‘Life after ISIS’: Christians are leaving Iraq due to ongoing security concerns
The report, “Life after ISIS: New challenges to Christianity in Iraq,” documents how Iraqi Christians’ worries over Iran-backed militias operating in their region drive emigration and economic insecurity.
More Christian families left the Nineveh Plains than returned to their hometowns last year amid ongoing security concerns in northern Iraq, according to a recently published report by Aid to the Church in Need.
“Christians who have returned to their homes still feel unsafe, and substantially more insecure than other groups in the region mostly because of the violent activity of local militias,” Fr. Andrzej Halemba, the leader of ACN’s Nineveh Reconstruction Committee, wrote in the report’s foreword.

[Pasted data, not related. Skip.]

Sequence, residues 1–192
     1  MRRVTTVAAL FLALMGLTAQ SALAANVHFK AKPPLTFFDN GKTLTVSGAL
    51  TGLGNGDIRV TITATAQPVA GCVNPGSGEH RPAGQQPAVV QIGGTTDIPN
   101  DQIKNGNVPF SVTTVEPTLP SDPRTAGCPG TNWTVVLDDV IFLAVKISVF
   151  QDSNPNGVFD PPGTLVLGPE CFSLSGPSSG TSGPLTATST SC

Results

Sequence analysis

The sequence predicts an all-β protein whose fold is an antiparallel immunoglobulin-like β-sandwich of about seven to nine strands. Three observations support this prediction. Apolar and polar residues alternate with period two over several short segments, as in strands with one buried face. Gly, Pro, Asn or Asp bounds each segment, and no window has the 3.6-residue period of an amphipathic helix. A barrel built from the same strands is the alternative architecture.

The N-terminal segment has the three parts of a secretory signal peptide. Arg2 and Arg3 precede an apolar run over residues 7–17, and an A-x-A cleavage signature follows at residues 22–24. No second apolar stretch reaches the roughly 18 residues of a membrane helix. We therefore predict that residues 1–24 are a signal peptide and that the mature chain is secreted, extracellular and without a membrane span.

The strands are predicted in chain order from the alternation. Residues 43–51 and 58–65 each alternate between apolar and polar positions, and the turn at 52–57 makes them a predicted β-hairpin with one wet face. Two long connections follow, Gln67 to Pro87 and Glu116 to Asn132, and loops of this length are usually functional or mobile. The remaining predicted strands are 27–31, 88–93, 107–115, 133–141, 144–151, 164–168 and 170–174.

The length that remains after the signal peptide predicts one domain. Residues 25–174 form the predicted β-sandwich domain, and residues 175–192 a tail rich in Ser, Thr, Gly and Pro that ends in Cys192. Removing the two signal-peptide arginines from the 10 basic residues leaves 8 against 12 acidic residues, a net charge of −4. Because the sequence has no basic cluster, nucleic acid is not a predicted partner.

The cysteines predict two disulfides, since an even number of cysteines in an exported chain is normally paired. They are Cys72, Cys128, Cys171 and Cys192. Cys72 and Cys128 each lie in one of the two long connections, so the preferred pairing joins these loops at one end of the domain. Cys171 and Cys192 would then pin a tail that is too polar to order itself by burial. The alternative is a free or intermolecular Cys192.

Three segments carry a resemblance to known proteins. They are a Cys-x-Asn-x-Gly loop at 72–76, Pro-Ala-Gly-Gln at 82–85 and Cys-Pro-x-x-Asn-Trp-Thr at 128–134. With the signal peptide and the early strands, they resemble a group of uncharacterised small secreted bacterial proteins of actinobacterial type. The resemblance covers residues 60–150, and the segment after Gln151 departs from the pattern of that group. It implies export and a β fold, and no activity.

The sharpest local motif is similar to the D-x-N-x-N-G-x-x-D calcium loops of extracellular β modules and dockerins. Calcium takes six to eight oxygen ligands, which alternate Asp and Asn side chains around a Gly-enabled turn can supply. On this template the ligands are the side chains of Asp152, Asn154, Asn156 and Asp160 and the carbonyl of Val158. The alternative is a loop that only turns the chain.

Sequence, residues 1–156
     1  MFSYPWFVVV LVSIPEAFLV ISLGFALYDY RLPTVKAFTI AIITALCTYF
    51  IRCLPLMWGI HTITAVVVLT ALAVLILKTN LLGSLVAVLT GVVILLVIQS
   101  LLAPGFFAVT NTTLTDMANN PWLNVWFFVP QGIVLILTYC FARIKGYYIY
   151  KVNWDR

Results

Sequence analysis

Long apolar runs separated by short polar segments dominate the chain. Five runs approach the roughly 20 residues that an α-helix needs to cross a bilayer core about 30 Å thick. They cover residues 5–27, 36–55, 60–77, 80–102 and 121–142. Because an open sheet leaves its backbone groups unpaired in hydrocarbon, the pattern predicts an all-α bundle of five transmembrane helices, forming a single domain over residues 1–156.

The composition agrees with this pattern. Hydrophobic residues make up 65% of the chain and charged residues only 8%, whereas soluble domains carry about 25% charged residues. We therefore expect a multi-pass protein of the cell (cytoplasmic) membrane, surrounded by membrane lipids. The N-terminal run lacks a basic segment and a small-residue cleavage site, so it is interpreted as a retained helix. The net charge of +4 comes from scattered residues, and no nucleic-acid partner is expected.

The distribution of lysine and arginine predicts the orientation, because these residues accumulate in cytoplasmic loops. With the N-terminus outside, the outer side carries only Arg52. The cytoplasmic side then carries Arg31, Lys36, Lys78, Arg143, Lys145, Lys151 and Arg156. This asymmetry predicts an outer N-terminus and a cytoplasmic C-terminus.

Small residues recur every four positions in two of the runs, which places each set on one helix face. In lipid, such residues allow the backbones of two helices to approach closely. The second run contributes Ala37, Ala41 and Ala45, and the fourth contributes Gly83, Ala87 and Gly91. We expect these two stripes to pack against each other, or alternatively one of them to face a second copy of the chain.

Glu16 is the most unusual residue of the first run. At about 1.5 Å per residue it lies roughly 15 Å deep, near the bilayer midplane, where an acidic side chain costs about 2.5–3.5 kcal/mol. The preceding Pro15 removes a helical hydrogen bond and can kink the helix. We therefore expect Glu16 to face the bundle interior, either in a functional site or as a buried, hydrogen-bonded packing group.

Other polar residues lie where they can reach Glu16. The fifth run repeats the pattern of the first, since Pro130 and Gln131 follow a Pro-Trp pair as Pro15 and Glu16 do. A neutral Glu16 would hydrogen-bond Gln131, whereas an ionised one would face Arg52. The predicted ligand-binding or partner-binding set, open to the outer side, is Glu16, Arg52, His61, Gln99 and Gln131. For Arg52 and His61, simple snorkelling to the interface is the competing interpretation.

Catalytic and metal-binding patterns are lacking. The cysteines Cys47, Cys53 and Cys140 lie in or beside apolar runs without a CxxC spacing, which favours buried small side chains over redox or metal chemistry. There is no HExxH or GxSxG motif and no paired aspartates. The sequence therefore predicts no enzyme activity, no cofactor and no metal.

“Although economic concerns, especially employment, are paramount in some areas, it is impossible to decouple these from security considerations. These key factors need to be addressed to tackle the physical and economic insecurity that forces populations to move.
If the tendency to emigrate is not stemmed, it will place, in turn, even greater pressure on Christians remaining in Iraq by reducing their critical mass and thus creating a less hospitable environment,” he said.
The ACN report found that 57% of Iraqi Christians surveyed said that they had considered emigration. Among them, 55% responded that they expect to leave Iraq by 2024.
The number of Christians living in areas formerly occupied by the Islamic State has already declined from 102,000 to 36,000 people since 2014. The report stated that some displaced Christians who returned to the Nineveh Plains as their homes were rebuilt are now choosing to leave.
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